Posted July 18, 2010

This is a reprint of an article written by Barbara E. Friesner, The Country’s Leading Generational Coach from AgeWiseLiving

Barbara is also the creator of “The Ultimate Caregivers Success System” which I have recommended to many caregivers.

In this interview Barbara interviews Laurene Hartman, is the Director of Community Relations at Sunrise Senior Living in East Brunswick, New Jersey

I wanted to share this article, because it is so in line with the questions we answer everyday.  Please enjoy and let me know your thoughts!

 

Barbara Friesner:  What is an assisted living community and what services does an assisted living community provide?

Laurene Hartman: assisted living is  a worry-free
lifestyle with supportive services for the residents and their families
as well.  Assisted living communities provide meals,  activities and
levels of care.   Services vary greatly and depend on the type of
resident each community will accept.   A vast amount of services and
amenities are provided based solely on the individual needs of each
resident.  I most assisted living communities, residents can totally
independent; they can have their vehicle, they can travel.  Families
really have to do diligence before considering an environment for their
loved one. Some might require one to be completely ambulatory – they
might need to be able to transfer from a bed to a chair.   At Sunrise
communities, residents can live in the community until the end of life
because we also offer Hospice care.   It is definitely not
“one-size-fits-all. It really represents the individuality of each
resident.

BF:   What are the requirements for admission?

LH: It depends on the community.  For some, the
requirements for admission are really basic:  no age requirement and
the financial ability to private pay for two years meaning that
residents moving in do have to have the resources for at least a 2-year
time frame.

There again, families need to really be proactive in asking those
questions as part of the process of a family visiting a community, but
every assisted living has their own criteria for their financial needs.
Once in, it is strictly a month-to-month rental and residents are
billed monthly, and they can leave at any time with proper notice based
on their reasons for departing the community.

BF:  What are some ways residents can pay?

LH: Some people have long-term care insurance which
assists them with their own personal finances.  Families should also
check out the Veterans Pension and Disability benefit that is an
entitlement to veterans and their spouses.  (For information on the VA Special Pension with Aid and Attendance Benefit, go to https://agewiseliving.com/2009-09-24-VeteransPension.htm or the 9/24/09 newsletter on the Newsletter page on my website www.AgeWiseLiving.com.)

BF:  What are some other requirements?

LH: Once the decision is made on the community,
there needs to be an assessment which is done through our health care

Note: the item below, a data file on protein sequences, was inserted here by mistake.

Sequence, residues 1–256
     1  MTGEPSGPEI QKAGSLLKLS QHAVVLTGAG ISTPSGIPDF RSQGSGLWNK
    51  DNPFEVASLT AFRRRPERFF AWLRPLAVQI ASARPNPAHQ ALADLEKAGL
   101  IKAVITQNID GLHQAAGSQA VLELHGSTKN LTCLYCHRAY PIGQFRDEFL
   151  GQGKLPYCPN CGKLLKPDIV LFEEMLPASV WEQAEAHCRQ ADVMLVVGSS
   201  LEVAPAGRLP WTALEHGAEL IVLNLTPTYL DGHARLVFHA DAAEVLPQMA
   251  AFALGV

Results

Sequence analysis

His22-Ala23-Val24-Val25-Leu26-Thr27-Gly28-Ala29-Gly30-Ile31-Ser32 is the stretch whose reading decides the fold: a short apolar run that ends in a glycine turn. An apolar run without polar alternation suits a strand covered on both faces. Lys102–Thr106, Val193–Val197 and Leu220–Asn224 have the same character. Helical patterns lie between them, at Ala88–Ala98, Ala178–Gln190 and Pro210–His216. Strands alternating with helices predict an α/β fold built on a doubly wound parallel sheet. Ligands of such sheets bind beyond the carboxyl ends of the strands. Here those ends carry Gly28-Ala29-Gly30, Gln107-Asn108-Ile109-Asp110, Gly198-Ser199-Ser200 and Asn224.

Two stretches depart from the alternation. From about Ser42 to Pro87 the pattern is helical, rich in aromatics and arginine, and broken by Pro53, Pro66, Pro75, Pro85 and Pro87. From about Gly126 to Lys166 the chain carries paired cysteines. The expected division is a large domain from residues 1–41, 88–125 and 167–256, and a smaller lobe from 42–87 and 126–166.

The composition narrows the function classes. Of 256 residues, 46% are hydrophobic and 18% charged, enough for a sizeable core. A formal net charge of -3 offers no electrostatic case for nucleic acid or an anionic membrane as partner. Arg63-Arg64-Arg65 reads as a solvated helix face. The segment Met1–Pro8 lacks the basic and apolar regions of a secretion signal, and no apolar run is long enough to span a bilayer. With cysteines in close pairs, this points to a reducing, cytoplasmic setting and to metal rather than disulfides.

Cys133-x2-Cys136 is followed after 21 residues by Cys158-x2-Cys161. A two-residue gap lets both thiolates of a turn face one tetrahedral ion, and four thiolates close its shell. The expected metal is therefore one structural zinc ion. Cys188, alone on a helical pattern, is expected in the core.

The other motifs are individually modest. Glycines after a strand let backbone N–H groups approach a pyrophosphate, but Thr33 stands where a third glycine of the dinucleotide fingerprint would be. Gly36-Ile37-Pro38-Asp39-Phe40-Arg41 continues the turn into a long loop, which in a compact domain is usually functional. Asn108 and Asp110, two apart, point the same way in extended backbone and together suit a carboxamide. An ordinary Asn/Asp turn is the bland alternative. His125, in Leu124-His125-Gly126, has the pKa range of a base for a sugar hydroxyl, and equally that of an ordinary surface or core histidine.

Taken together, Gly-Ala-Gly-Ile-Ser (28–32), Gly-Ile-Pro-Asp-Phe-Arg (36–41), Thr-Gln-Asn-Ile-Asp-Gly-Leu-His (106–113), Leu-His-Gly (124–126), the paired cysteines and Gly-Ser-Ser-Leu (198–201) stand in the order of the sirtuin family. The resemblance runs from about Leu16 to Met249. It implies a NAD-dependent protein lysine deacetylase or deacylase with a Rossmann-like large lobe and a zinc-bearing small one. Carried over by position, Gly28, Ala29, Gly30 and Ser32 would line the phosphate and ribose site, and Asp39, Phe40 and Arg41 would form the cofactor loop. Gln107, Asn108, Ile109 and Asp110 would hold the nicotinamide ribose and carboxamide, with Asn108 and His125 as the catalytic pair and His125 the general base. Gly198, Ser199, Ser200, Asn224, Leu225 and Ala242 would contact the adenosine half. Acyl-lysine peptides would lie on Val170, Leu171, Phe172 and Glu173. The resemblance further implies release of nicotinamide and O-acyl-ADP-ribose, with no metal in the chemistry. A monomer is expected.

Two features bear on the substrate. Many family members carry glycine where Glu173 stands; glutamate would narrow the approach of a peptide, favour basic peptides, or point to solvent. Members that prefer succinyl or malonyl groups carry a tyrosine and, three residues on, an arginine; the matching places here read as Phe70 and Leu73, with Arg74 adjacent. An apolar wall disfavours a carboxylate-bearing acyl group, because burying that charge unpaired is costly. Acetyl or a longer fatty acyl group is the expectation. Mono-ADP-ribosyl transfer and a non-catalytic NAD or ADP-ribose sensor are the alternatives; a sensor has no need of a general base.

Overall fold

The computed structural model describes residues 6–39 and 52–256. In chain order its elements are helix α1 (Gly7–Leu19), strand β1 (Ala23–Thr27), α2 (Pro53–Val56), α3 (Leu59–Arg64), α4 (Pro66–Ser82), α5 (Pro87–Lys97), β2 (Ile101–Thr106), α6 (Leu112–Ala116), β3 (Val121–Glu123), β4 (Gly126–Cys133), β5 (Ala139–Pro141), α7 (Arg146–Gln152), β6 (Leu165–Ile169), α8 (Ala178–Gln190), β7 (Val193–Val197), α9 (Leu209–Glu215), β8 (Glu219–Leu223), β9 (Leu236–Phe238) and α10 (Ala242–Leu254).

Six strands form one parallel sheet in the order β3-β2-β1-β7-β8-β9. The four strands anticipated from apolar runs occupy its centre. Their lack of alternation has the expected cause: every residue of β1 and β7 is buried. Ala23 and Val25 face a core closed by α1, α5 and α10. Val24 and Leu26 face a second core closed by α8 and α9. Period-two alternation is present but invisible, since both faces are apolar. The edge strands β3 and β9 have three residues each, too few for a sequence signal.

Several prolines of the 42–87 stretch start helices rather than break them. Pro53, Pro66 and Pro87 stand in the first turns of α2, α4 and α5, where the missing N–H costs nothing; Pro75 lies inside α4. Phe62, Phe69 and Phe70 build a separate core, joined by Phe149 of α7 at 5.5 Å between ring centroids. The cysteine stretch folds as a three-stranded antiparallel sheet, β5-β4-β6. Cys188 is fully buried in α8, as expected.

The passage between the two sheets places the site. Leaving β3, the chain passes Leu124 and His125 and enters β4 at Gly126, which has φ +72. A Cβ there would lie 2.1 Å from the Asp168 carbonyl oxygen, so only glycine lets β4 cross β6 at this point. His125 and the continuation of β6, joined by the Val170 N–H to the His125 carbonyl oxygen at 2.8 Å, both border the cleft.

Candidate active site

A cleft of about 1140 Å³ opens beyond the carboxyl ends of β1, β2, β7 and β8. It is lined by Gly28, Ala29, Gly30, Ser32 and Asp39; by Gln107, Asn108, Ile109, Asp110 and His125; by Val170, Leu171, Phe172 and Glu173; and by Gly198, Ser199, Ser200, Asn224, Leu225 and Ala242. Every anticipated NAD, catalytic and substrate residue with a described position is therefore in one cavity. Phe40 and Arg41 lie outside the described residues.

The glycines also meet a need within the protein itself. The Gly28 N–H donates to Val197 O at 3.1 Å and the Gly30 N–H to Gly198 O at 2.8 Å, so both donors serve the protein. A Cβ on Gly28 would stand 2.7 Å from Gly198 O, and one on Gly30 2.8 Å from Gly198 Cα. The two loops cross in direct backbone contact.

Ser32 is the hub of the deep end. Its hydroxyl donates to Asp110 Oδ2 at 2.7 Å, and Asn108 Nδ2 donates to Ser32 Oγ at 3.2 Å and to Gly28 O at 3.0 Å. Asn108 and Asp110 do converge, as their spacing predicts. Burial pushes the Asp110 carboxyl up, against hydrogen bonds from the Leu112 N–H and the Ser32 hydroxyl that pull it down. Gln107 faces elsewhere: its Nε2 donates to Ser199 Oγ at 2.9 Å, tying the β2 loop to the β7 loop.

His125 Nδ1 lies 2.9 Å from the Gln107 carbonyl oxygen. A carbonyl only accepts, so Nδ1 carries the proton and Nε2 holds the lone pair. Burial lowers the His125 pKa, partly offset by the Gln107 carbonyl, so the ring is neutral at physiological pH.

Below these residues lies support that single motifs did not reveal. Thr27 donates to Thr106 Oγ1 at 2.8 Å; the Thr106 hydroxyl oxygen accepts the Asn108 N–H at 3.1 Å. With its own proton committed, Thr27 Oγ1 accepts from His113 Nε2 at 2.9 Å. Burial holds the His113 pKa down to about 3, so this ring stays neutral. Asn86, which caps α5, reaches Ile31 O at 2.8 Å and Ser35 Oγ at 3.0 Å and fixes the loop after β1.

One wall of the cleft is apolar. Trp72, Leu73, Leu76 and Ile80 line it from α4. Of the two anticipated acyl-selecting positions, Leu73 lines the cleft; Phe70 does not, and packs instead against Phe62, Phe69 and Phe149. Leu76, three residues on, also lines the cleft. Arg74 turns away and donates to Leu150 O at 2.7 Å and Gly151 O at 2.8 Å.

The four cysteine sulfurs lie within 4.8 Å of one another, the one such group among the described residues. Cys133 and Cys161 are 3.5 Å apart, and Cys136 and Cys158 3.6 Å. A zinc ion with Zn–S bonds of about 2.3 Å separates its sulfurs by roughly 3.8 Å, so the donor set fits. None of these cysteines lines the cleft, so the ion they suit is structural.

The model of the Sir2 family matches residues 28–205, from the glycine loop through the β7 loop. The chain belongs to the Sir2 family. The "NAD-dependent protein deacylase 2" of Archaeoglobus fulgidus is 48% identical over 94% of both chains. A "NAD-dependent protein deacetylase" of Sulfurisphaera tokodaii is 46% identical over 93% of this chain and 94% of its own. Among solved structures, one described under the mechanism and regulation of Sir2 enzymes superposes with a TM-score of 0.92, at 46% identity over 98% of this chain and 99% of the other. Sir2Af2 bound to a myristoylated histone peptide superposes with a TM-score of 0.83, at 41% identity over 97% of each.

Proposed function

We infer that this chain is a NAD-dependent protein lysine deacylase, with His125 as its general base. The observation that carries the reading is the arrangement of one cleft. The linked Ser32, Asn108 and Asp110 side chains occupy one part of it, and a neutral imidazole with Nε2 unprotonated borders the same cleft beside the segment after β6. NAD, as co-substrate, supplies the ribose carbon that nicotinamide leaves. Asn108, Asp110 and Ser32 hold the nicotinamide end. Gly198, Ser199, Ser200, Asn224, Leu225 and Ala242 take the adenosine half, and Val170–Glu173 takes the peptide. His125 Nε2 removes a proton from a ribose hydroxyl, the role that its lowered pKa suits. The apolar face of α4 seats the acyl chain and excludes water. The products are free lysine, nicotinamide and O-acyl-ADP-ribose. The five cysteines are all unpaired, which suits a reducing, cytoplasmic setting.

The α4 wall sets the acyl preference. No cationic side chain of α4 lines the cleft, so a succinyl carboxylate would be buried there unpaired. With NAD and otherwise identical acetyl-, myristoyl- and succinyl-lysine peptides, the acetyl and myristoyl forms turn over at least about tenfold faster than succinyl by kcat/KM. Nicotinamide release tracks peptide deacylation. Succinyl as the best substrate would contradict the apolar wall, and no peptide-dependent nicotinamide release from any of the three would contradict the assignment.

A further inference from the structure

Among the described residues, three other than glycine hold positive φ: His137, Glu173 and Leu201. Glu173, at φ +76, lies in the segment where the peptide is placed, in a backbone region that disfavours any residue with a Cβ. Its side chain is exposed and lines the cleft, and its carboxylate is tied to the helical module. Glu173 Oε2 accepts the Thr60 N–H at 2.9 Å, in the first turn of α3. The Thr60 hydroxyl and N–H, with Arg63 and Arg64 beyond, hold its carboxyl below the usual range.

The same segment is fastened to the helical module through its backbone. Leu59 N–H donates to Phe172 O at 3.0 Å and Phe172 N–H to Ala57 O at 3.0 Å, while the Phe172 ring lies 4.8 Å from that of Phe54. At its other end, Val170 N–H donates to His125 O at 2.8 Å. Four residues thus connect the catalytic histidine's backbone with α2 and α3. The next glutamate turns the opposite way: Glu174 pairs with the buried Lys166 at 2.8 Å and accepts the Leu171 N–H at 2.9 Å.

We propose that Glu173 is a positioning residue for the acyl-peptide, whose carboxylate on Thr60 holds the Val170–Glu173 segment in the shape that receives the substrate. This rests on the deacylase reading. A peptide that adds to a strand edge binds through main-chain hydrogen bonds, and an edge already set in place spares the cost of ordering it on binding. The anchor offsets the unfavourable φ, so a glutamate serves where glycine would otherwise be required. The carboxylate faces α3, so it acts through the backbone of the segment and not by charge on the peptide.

coordinator in speaking to the family and the potential resident about
all of the things that we might need to provide for that resident.

BF:  Does someone actually go to their home and do an assessment?

LH: We can go to their home, we can go to a
sub-acute private discharge, it can be done in our own community; we
will do whatever it takes to make it convenient for that family member
and the potential resident.

BF:  Does the assessment tool assess mental and physical abilities?

LH: Yes, it includes both mental and physical
abilities because again, if someone’s memory is at a certain point
where there might be a wandering risk, or again, recognition of family
is no longer there with that particular situation, then of course, we
would know again, with that assessment tool, where that resident would
best be served; where their quality of life would be best, whether its
in the assisted living neighborhood of the community, or the
Reminiscence  neighborhood of the community. And of course the needs of
that particular resident would translate into the levels of care that
we provide based on the degree and severity of their needs. Do they
need total assistance? Do they need minimal assist? Do they only want
assistance with a shower once a week? Things of that nature. Do they
have continence issues that we need to address? Do they need to be
toileted because they’re not ambulatory? So again, that tool tells us
every nuisance of that resident to create that individual service plan
that’s designed specifically for them.

BF:  In addition to the assessment, what else do they need to do?

LH: Then the family needs a physician’s report
completed by their primary, a clean TB test, and to be free of
communicable disease, (different states have different requirements so
be sure to ask the community), and a resident profile that the family
must provide.  The resident profile – basically a biography about the
resident so that way we can create and generate a service plan based on
their spiritual needs, their physical needs, how to approach them . . .
all those things based on their particular circumstances.

Watch for next week’s newsletter when we will look at accommodations
for those with memory impairment, different levels of care, and what
happens if a resident’s situation changes and they can’t stay in the
community.

If you think an Assisted Living Community is the perfect choice for your parent, I urge you not to wait for a crisis to develop.

Tomorrow we will feature part 2 of this interview!

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